A respected colleague yesterday put out the statement that since a his daughter had missed two Sunday practices for her volleyball team in a month due to her “schedule”, that she was just “playing” at volleyball. Anyone who knows me or reads this blog has to know what I said next:
All together now: “What’s wrong with ‘playing at’ volleyball?”
Certainly, I was being a bit “cheeky” (a term I got from my British friends). I understand what he was saying. He was saying that in order to become great at something, one must commit fully. I agree with this in principle. I think we all do on the surface. But Move Theory always seeks to unravel, to look for the root when discussing child development.
Give 110%! Commitment breeds success! Drill, drill, drill!
But what happens when we look a little deeper? We are interested in children becoming good students, good citizens, good athletes, good friends, yes? We are also interested in our children being healthy. If we must give 100% to be good at something, and forsake other things to be good at something – what gives? Certainly, it is physically impossible to give 100% to each thing that is important in life. This is especially true during the delicate process of child development.
At some point, principle must meet practical.
Do we sacrifice academic development for athletic development, or vice versa? Do we sacrifice character for achievement? Do we sacrifice rest (and therefore long term health) for character and achievement? The fact is, teens today who are seen as “achievers with potential” are more over scheduled and over stressed than ever before in modern life. There is this whole dogma of “getting a leg up” as if everything in life is one big competition to win.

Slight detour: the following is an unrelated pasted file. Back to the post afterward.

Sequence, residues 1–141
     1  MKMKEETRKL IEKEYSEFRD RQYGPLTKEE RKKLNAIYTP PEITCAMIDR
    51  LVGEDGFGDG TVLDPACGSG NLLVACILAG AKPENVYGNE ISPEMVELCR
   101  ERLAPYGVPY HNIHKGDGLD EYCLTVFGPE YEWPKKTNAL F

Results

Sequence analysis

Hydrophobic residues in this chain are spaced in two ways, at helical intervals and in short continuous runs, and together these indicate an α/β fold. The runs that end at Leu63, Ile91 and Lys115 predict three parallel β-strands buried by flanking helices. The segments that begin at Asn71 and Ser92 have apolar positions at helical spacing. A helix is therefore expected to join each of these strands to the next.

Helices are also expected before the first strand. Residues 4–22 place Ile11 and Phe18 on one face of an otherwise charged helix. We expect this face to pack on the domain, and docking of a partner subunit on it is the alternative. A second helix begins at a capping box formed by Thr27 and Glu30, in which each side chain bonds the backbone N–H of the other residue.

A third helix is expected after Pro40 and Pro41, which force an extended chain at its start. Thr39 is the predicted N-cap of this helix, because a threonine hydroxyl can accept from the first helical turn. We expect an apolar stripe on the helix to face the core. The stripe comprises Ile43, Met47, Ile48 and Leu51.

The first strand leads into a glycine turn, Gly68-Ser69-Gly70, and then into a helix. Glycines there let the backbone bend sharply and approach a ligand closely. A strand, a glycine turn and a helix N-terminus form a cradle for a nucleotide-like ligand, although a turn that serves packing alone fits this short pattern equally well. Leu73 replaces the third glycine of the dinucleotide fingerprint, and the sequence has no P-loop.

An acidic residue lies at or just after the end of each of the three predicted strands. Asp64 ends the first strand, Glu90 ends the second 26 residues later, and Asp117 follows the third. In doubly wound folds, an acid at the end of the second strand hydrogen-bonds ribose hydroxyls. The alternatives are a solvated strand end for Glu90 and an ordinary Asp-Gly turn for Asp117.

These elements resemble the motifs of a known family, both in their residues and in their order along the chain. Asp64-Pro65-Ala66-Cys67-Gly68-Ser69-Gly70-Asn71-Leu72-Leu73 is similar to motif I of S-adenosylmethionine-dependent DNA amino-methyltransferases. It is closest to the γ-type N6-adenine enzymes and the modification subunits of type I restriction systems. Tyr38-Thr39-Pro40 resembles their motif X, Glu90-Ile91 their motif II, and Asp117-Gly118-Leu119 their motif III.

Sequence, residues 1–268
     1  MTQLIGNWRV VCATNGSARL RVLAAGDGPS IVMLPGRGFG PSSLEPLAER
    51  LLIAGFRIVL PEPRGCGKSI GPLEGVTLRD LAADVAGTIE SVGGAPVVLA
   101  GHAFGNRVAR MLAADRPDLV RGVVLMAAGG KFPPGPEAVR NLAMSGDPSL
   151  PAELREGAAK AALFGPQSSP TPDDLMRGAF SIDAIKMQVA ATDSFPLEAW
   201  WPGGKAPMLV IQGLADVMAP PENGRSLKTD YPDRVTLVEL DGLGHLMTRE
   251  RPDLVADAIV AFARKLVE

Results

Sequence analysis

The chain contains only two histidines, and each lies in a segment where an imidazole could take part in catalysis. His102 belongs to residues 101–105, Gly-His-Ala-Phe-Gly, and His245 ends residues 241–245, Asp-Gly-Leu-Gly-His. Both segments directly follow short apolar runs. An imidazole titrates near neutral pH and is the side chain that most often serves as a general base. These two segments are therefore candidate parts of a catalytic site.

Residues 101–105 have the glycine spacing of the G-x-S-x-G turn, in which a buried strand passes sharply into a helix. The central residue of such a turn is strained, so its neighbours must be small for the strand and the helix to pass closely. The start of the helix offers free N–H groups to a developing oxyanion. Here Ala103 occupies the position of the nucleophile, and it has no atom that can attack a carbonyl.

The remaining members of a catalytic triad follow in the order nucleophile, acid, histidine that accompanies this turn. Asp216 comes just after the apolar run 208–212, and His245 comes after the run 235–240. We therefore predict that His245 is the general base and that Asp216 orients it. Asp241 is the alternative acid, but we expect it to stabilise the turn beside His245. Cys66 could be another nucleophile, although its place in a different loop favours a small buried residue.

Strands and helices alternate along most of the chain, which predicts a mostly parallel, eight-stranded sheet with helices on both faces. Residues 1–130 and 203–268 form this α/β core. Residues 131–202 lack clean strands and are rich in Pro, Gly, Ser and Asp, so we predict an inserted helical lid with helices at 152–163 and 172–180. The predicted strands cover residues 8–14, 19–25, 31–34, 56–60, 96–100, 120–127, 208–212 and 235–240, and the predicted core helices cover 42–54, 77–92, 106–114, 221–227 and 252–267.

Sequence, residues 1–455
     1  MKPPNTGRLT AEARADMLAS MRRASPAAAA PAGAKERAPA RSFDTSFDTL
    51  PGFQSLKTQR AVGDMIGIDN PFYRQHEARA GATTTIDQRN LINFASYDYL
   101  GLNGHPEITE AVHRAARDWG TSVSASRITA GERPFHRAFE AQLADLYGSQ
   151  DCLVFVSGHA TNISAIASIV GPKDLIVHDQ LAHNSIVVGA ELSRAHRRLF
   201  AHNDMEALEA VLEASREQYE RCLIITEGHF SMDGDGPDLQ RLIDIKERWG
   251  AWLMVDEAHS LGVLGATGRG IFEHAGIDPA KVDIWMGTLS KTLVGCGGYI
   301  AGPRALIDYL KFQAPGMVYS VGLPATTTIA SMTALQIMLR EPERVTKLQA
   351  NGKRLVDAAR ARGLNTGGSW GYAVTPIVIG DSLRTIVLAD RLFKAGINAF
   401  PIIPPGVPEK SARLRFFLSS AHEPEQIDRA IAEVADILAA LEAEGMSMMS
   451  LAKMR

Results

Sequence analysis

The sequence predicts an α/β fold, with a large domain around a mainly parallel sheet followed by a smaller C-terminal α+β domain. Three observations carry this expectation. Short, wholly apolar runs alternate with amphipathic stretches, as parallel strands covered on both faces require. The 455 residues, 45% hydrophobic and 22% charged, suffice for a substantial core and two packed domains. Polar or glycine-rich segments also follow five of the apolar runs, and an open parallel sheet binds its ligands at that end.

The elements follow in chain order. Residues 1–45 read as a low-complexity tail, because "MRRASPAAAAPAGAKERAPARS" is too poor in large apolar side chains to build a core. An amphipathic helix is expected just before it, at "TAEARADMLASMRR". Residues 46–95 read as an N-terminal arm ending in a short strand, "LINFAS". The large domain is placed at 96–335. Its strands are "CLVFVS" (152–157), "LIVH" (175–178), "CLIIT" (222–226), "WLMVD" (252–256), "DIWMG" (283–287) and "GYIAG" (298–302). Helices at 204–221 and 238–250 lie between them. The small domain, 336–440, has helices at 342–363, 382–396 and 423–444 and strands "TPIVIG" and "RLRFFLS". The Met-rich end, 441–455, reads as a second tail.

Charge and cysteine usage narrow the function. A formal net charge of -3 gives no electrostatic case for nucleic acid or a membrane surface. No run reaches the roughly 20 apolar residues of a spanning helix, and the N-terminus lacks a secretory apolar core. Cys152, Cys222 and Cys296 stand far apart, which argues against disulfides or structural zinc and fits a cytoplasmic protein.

We have fallen into this trap of “creating greatness”; the trap that allows us to believe “All I have to do is X and Y, and this child will become great”. This is a fallacy. There are just as many who have become failures doing X and Y. No two paths to greatness are exactly alike. There are athletes and scholars alike that no one ever thought would amount to anything. There are “prodigies” who we were certain would be great that fizzled out completely. While focus matters, desire also matters. If an athlete does not have the internal desire to become great, trying to build it in them is often damaging. Desire comes from an internal, organic connection that says to a young person “This is the most important thing in my life”. We cannot force this.
All too often, we make the mistake of conveying to the child: “This important thing, this most important thing, should be the only thing in my life”.
Young people often obsess over things. Their frontal lobes, the part of the brain that helps regulate behavior and switch attention from one thing to another, is not fully developed. Yes, this has created some accomplished individuals. Unchecked, or worse yet, encouraged, this tendency to obsess can be quite damaging, and is more likely to lead to burnout and injury than greatness.
“Alright smarty pants. What’s your solution?”
It is our job as the supposedly wiser beings, with patience, to supply perspective. Create environments in which young people learn to play with the concepts of nuance and balance. Stop addressing them with feel good, sound good platitudes, like “110%” and “commit”. They don’t know what those things mean – because neither do we. Speak to them about reality. Ask them questions: “What percent of your life do you need to give to this to achieve mastery? What will you leave for the other important things?”
Don’t get it twisted. I believe in intensity of focus and practice. When you are at practice, commit fully to that practice. When you are spending time with family, commit fully to that. But at present, what we often term as encouragement is actually control and restriction of development. It’s time to let go a bit.
Sometimes, it is the lighter yoke that frees the climb…
Achieve Balance. Choose Life. Be Grateful.